British Columbia has extended its state of emergency for a record 26th time, marking a year since it's maintained extraordinary powers under the Emergency Program Act.
The state of emergency was extended Tuesday until March 30, and allows officials to grant powers to policing bodies to issue tickets to owners, operators and event organizers who contravene public health orders meant to stem the spread of COVID-19.
"This is a sobering occasion, but with vaccinations ongoing in B.C., it's also one for hope and optimism,” said Premier John Horgan in a written statement Tuesday, March 16.
Port Coquitlam MLA and Minister of Public Safety and Solicitor General Mike Farnworth added: "I want to thank the majority of people in B.C. who are following the rules. For those who don't, our compliance and enforcement officers have the tools they need to enforce the orders. Know that if you break the rules, you will face consequences."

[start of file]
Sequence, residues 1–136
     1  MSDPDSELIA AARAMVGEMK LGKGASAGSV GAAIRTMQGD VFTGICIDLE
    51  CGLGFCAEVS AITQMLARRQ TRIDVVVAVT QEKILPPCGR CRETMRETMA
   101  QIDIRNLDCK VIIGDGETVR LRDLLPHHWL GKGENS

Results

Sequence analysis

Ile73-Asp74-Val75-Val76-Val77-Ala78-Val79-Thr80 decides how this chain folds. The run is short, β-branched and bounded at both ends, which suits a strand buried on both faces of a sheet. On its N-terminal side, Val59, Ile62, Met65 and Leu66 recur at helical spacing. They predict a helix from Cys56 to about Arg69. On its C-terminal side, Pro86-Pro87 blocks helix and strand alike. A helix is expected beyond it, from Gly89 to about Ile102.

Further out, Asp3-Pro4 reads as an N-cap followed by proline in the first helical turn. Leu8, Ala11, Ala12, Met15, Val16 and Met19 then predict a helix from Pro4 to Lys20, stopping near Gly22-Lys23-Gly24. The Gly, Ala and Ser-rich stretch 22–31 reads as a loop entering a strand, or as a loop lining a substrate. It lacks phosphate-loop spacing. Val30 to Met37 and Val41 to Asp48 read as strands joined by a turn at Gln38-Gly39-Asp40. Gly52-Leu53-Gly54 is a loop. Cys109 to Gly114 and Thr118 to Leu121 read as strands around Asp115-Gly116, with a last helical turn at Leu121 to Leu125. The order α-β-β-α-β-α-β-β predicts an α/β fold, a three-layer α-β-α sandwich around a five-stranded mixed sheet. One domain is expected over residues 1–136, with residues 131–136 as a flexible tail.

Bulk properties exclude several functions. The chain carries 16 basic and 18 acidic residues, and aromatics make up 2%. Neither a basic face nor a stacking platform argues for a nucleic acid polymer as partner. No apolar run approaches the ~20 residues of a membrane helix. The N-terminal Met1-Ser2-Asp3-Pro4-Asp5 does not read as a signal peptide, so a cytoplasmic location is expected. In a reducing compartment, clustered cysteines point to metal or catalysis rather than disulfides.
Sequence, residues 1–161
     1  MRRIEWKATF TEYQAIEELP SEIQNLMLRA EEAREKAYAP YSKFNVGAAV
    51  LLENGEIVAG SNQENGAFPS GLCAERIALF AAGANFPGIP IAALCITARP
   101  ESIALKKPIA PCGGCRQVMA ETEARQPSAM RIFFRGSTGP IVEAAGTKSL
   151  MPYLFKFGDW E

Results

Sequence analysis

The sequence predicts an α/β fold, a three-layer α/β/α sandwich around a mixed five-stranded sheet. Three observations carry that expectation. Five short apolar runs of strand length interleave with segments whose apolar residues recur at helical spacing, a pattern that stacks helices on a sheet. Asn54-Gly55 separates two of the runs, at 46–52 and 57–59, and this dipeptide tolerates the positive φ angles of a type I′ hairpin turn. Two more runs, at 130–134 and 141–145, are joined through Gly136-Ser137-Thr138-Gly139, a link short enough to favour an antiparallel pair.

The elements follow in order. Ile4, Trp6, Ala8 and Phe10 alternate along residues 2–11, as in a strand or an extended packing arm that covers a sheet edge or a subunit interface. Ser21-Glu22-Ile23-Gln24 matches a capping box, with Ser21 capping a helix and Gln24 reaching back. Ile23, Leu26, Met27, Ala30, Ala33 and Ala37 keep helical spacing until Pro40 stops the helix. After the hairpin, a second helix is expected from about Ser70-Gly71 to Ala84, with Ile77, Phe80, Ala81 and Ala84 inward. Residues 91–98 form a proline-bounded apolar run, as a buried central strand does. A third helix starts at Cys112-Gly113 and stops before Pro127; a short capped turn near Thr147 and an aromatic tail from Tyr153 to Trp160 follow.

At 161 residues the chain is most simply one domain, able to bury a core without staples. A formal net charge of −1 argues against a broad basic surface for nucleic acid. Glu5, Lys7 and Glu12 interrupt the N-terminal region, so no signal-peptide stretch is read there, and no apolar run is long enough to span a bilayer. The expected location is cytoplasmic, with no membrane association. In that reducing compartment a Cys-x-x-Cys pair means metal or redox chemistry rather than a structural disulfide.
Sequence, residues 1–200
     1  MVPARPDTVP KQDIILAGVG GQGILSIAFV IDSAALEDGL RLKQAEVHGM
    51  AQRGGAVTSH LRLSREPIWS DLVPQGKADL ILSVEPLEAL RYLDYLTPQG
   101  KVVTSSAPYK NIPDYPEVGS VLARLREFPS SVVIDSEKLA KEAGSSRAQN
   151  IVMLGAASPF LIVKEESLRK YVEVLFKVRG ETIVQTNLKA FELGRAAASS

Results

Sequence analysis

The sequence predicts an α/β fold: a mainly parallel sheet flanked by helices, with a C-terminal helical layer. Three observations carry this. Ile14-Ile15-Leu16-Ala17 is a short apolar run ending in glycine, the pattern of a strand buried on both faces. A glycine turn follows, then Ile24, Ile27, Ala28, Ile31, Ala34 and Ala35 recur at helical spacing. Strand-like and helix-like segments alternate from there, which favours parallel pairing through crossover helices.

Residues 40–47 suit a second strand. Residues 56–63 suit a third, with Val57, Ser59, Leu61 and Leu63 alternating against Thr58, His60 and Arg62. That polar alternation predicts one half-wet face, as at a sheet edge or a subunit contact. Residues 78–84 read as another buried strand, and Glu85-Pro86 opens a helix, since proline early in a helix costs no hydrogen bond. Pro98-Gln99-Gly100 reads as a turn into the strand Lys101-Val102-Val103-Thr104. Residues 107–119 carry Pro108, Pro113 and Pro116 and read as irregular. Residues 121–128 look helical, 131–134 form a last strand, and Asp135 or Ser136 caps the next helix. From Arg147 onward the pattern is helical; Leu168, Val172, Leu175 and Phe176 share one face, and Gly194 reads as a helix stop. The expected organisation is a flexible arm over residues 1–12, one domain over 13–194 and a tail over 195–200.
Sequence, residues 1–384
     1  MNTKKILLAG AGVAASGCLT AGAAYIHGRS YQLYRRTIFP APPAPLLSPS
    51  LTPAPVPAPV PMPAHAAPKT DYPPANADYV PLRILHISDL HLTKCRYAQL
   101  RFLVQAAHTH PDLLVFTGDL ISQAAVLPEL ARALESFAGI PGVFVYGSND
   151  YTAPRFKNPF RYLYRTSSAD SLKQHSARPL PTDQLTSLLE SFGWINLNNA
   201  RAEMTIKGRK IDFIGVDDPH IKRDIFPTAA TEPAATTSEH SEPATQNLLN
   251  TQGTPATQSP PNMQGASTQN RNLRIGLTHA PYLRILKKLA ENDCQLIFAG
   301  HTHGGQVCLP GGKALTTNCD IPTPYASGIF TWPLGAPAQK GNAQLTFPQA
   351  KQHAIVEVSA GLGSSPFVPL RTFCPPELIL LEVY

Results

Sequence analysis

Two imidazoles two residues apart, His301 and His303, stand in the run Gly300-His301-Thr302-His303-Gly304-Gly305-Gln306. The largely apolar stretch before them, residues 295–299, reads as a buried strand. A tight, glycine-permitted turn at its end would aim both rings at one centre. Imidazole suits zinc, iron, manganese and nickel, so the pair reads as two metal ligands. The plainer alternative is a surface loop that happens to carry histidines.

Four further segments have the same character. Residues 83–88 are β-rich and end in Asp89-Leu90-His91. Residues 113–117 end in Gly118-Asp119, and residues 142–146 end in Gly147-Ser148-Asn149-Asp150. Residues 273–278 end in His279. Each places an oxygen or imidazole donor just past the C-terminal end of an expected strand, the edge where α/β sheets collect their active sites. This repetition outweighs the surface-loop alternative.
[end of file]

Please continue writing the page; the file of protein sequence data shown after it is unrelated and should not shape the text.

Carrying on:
The province has upped rules and enforcement measures throughout the pandemic, leading to measures such as mandatory masks when in public indoor settings and expanded ticketing powers.
Between Aug. 21, 2020, and March 12, 2021, police and other enforcement bodies issued 1,471 violation tickets, including:
- 221 $2,300 tickets to owners or organizers who flouted the Provincial Health Office’s order on gatherings and events;
- 39 $2,300 violation tickets for contravening a food and liquor serving premises order;
- and 1,211 $230 tickets handed out to individuals who refused to comply with direction from law enforcement, according to a government press release issued Tuesday.
That’s a total of $876,530 in fines stemming from the violation of provincial COVID-19 restrictions.
Police across B.C. have also handed out 113 tickets to people breaking the Federal Quarantine Act, leading to just under $370,000 in fines.